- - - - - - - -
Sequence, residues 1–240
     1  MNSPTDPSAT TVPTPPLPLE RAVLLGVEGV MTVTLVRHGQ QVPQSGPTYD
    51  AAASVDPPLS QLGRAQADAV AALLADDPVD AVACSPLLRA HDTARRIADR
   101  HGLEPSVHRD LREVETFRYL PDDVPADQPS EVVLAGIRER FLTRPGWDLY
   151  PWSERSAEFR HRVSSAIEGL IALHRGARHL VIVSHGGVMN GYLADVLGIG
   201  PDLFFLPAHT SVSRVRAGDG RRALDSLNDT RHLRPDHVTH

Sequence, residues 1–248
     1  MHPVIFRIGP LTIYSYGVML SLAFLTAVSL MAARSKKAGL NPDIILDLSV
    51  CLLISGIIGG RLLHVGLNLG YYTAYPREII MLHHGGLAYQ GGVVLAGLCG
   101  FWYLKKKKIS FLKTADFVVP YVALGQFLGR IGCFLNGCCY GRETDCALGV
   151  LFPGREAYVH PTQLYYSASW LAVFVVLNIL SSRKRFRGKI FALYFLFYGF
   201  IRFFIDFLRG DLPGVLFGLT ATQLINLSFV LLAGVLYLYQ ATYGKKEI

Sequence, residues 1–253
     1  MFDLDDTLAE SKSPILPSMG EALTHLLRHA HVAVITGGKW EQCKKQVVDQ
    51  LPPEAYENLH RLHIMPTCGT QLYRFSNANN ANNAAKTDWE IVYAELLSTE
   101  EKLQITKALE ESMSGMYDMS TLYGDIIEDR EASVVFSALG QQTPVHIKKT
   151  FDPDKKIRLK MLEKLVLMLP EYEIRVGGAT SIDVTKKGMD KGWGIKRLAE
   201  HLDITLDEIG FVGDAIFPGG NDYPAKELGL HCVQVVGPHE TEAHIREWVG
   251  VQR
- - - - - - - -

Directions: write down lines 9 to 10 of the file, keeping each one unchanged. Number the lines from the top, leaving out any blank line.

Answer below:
    51  CLLISGIIGG RLLHVGLNLG YYTAYPREII MLHHGGLAYQ GGVVLAGLCG
   101  FWYLKKKKIS FLKTADFVVP YVALGQFLGR IGCFLNGCCY GRETDCALGV